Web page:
4 Things Pregnant Women Need To Know About Varicose Veins

Posted on: 1 April 2016

Varicose veins are enlarged, twisted veins in the legs. These veins are often associated with seniors, but young people can get them, too. Pregnancy is a risk factor for varicose veins, so pregnant women need to stay alert for varicose veins. Here are four things pregnant women need to know about varicose veins.

What are the signs of varicose veins?

If you develop varicose veins during your pregnancy, you'll see large veins underneath your skin. These veins may look swollen or twisted, and the overlying skin may be discolored. In addition to these visible symptoms, your legs may feel painful or cramped, and your ankles and feet may feel swollen.

How does pregnancy cause varicose veins?

Pregnancy can contribute to the development of varicose veins in a few different ways. As your uterus grows, it puts pressure on the nearby veins. In some cases, this extra pressure can make the veins bulge outwards and become varicose.

Hormonal changes can also play a role. During pregnancy, your body produces more blood to support your baby's growth. While this extra blood is good for your baby, it puts more stress on your veins and can make them bulge outwards. Since your pregnancy hormones relax the walls of your blood vessels, it's easy for this stress to make the veins bulge.

Other factors, outside of your pregnancy, can also contribute to varicose vein formation. Genetics plays a role, so if your mother had varicose veins when she was pregnant with you, your risk of getting them yourself may be higher. Body weight is also a factor, so if you were overweight before you got pregnant, you may be more likely to get varicose veins.

Are varicose veins serious?

Varicose veins may be a cosmetic problem or a minor nuisance, but they can also lead to serious complications. You may develop an itchy rash on the skin overlying the varicose veins; this rash is known as dermatitis. If you scratch this rash a lot, you could break the skin and cause bleeding. Skin ulcers may form as a result.

Blood clots can also form within the varicose veins. Clots that form in veins that are right beneath the skin are called superficial thrombophlebitis and they can be painful. These clots may lead to deeper clots within the veins, known as deep vein thrombosis, which can break off and lead to problems like heart attacks or strokes.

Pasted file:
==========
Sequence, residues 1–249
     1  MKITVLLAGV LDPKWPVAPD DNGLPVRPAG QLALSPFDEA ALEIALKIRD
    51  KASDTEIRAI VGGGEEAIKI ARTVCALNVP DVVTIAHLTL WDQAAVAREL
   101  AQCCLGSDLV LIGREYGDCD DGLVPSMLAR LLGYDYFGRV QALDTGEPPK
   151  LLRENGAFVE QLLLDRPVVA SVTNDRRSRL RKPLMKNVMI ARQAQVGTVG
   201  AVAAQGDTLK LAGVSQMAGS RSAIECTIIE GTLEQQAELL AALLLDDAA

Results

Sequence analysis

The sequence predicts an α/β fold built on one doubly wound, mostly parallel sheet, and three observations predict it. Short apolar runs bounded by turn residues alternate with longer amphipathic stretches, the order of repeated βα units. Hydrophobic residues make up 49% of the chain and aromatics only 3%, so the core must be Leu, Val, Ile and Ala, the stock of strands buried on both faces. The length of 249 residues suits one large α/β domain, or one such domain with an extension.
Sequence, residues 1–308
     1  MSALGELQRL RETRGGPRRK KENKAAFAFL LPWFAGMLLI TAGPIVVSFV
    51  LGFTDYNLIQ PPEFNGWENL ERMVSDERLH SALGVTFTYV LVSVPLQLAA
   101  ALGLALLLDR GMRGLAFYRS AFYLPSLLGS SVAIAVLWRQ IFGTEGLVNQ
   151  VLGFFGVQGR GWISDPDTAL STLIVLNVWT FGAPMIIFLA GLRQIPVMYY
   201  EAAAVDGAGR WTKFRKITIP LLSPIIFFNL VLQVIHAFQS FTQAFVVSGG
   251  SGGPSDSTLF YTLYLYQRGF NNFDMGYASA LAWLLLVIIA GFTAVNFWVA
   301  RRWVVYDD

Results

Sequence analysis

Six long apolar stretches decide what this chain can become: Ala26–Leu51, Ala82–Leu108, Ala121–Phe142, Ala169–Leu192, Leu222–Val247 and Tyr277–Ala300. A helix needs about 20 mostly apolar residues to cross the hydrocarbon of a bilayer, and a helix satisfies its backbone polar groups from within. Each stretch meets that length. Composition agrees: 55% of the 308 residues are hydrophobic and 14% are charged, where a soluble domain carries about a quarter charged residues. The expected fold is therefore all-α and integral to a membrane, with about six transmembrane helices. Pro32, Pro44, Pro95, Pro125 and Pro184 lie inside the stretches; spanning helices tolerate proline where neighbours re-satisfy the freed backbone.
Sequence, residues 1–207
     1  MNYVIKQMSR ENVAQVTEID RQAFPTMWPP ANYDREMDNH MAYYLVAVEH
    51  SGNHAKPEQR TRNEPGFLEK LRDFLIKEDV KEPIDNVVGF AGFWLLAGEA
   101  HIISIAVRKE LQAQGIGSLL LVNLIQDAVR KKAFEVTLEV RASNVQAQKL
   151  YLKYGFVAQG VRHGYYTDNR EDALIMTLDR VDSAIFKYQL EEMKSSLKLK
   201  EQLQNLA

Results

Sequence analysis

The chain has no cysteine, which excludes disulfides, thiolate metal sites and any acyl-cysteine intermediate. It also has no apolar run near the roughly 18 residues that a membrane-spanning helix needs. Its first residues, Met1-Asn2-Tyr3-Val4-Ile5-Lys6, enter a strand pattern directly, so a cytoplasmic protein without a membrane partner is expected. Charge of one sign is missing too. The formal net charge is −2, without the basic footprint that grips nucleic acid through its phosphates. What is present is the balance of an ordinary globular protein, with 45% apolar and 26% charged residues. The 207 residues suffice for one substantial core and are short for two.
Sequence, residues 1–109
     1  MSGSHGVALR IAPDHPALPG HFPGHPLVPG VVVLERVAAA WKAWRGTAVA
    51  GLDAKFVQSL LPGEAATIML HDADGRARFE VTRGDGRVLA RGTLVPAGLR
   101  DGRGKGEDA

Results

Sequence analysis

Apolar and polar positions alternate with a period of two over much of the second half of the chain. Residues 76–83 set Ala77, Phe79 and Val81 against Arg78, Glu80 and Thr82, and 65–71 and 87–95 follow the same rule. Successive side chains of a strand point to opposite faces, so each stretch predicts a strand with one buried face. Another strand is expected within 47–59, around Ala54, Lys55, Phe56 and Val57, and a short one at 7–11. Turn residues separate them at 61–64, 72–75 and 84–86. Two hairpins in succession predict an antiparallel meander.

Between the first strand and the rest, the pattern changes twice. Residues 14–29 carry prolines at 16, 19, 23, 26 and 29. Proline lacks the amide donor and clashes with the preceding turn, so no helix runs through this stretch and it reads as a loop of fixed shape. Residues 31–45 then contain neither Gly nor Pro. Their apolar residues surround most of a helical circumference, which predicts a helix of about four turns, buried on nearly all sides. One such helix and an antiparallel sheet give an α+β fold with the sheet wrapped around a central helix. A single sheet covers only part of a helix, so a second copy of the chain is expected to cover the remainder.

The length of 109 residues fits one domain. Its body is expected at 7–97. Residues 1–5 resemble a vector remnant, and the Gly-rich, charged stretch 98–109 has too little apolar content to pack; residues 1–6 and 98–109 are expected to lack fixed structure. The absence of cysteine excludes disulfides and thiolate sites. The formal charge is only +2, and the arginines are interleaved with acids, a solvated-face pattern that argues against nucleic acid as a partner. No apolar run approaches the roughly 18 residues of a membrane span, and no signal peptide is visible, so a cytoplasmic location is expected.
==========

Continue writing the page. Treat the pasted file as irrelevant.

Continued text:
Can varicose veins be treated?

During your pregnancy, you can wear support pantyhose or knee socks to help control your varicose vein symptoms. Your doctor may prescribe compression stockings if your symptoms are more serious. These stockings work by improving your circulation.

Most of the time, pregnant women find that the appearance of their varicose veins get significantly better after their babies are born. For this reason, your doctor will recommend waiting until after your baby is born to start more invasive treatments.

If your varicose veins don't go away by themselves once your baby arrives, your doctor may perform chemical sclerosis. This procedure involves injecting a substance into the affected vein that will destroy the vein and make it become a fibrotic cord. Over time, your body will re-absorb the vein.

Laser therapy can also be used to destroy varicose veins. This procedure is similar to chemical sclerosis in that it turns the vein into scar tissue that your body can absorb. Your doctor will insert a catheter into the affected vein, and then guide a laser fiber through the catheter. The vein will be compressed on both sides of the laser fiber, then the laser will be fired. The heat from the laser will destroy the varicose vein. For more information on laser varicose vein treatment, contact a company like Premier Surgical Associates.